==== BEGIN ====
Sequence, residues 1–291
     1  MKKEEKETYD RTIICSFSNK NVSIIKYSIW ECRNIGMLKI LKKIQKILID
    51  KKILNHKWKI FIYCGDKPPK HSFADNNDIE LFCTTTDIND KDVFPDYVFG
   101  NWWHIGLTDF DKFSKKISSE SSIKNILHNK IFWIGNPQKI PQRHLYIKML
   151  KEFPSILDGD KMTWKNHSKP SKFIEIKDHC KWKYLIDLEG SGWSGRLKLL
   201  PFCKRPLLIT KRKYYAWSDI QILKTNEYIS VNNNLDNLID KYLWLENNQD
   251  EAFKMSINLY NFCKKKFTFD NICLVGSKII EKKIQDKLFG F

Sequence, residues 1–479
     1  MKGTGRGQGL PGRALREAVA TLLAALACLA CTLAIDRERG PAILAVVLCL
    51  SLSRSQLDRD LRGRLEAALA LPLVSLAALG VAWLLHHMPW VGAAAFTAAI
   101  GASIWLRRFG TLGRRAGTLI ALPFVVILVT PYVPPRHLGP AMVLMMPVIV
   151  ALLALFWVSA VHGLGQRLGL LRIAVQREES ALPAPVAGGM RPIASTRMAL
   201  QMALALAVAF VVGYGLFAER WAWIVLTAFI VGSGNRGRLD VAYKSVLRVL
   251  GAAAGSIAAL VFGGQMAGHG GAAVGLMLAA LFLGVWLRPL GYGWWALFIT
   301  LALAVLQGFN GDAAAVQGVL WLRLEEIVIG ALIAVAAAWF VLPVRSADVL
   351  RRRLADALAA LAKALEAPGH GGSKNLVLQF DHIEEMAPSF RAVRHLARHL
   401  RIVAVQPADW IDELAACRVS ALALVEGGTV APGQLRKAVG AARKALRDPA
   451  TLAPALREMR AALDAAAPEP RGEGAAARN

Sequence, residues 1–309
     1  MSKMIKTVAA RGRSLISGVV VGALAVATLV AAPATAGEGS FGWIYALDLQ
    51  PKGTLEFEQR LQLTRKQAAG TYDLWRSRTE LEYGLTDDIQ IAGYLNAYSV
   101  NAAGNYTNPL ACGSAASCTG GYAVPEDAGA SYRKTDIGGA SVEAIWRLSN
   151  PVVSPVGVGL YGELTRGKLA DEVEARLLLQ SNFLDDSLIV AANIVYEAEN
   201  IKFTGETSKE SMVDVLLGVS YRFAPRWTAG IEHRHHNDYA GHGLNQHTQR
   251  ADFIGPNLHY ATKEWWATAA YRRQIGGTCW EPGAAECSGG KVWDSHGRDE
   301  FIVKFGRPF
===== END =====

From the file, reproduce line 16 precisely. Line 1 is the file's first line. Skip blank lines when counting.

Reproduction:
   351  RRRLADALAA LAKALEAPGH GGSKNLVLQF DHIEEMAPSF RAVRHLARHL